Chitina Personal Use Salmon Fishery
Harvest & Effort

Over the last 20 years the Department has issued 4,982 – 12,635 permits annually for the Chitina Subdistrict Personal Use Fishery (see table below). About 65% of these permits are actually fished each year. The number of permits issued in this fishery dropped when a $15.00 fee was added in 2017, but the number of permits fished has remained steady.

Generally, more people fish in the beginning of the season when king salmon are present in the fishery (see figures below). Harvest of king salmon is highest early in the season and corresponds with the fishing effort. While king salmon may be present all season, the bulk of the king salmon run is over by mid-July. The wild sockeye salmon run is usually highest in June and then drops off through the season. In late July and early August hatchery fish, bound for the Prince William Sound Aquaculture hatchery on the Gulkana River, provide a boost of salmon into the fishery and account for an average of about 16% of the overall harvest and as much as 75% of the harvest in a given week. Although total harvest is usually highest in June, corresponding with the highest effort, the number of sockeye caught per permit is highest in July and early August.

Harvest in the fishery is most affected by the number of fish running upriver, followed by the number of permits being fished, and then by water level. Harvest is generally lowest during high water events but can also be low during very low water with a lack of adequate dipping sites. The most productive fishing can be immediately after a high water event, when the fish that have held in the river finally start moving.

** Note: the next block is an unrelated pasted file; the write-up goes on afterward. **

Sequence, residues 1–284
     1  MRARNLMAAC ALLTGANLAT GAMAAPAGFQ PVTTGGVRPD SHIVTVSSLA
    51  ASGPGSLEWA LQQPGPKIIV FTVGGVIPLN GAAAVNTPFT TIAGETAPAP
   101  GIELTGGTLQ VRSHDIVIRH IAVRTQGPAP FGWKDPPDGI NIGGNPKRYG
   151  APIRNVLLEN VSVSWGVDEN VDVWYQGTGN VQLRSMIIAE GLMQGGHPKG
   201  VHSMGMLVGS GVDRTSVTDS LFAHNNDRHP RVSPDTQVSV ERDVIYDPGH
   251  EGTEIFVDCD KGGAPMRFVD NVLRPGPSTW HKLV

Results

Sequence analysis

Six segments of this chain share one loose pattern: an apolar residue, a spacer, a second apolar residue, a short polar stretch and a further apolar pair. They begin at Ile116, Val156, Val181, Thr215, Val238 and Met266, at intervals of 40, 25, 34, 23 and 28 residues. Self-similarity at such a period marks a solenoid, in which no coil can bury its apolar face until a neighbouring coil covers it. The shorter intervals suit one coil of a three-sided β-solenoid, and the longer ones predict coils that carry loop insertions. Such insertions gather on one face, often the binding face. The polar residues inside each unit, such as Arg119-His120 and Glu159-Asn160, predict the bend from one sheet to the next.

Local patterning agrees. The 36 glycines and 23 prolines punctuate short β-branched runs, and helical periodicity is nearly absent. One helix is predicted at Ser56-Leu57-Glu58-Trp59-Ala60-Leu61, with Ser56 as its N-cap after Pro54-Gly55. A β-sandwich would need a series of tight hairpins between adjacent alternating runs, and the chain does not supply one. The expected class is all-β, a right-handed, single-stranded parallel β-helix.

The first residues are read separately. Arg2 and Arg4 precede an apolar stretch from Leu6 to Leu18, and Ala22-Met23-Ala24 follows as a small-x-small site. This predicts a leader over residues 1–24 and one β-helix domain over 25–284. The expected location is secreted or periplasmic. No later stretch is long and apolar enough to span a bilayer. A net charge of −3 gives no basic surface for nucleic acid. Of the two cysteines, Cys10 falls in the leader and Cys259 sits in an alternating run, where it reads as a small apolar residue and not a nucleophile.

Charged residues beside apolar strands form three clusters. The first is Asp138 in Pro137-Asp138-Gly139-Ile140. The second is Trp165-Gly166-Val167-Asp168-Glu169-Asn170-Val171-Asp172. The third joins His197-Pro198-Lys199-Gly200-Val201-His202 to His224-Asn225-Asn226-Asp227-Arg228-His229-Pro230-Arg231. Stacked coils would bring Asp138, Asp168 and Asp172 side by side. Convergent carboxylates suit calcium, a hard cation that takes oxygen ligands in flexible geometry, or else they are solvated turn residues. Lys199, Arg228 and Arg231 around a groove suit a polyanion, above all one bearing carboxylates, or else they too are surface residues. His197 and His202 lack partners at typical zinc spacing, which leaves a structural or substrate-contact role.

Permit holders dip from shore or dip from boats. Generally, fishing from a boat is more productive since dipnetters can compensate for fluctuating water levels by moving to different locations. However, there are high productive shore fishing sites accessible from the road right-of-way or by drop off from a boat.

  Permits Harvest
Year Permits
Issued
Permits
Fished
King Sockeye Coho Other Total
harvest
Harvest per
permit fished
2000 8,146 7,216 3,168 107,856 3,657 203 114,884 16
2001 9,458 6,644 3,113 132,108 2,720 484 138,425 21
2002 6,804 4,480 2,056 86,543 1,934 317 90,850 20
2003 6,441 4,257 1,921 81,513 2,603 264 86,301 20
2004 8,156 4,955 2,502 108,527 2,878 509 114,416 23
2005 8,230 5,330 2,094 122,463 1,869 478 126,904 24
2006 8,497 5,291 2,681 124,810 2,735 464 130,690 25
2007 8,377 5,549 2,722 126,154 1,783 660 131,319 23
2008 8,041 4,803 2,022 82,318 2,811 407 87,558 18
2009 7,958 4,830 223 90,917 1,723 267 93,130 19
2010 9,970 6,075 718 140,811 2,043 365 143,937 24
2011 9,217 5,710 1,080 129,985 1,712 444 133,221 23
2012 10,016 5,781 572 128,058 1,393 267 130,298 22
2013 10,592 6,768 762 182,915 805 710 185,194 27
2014 11,717 7,116 733 158,879 1,198 329 161,149 22
2015 12,635 7,829 1,585 225,425 855 1,341 229,213 29
2016 11,394 6,219 726 150,303 1,193 609 152,831 24
2017 9,490 6,161 1,973 134,294 723 673 137,663 22
2018 4,982 3,044 1,374 80,542 1,470 375 83,761 27
2019 * 8,071 5,467 2,911 177,203 1,164 609 181,887 32
Average
2014 - 2018
10,044 6,074 1,278 149,889 1,088 665 152,923 25
Average
2009 - 2018
9,797 5,953 975 142,213 1,312 538 145,040 24
Graph showing Chignik Subdistrict Dip Net Fishery: 2013-2017 Average King Salmon Harvest by Day.
Average king salmon harvest by day in the Chitina Personal Use Salmon Fishery.
Select image to enlarge.
Graph showing Chignik Subdistrict Dip Net Fishery: 2013-2017 Average Sockeye Salmon Harvest by Day.
Average Sockeye salmon harvest by day in the Chitina Personal Use Salmon Fishery.
Select image to enlarge.
Graph showing Chignik Subdistrict Dip Net Fishery: 2013-2017 Average Sockeye Salmon Harvest Per Permit by Day.
Average sockeye salmon harvest per permit by day in the Chitina Personal Use Salmon Fishery.
Select image to enlarge.

When to fish

Watching the sonar counts at Miles Lake can provide an indication of the number of fish moving toward Chitina. It takes 2 – 3 weeks for fish to travel from the sonar site to the Chitina Subdistrict. The sonar counts total salmon and the counts are 95% sockeye salmon. Remember though, just because the sonar says lots of fish should be arriving in Chitina, the fishing may still be bad. Success can range from epic to terrible with changes in water level that are unpredictable and can occur anytime during the season.

The Department has three call-in hotlines (Glennallen: 907-822-5224, Anchorage: 907-267-2511, Fairbanks: 907-459-7382) that are updated at least weekly with sonar passage numbers and times the fishery is open. These hotlines do not provide current river conditions.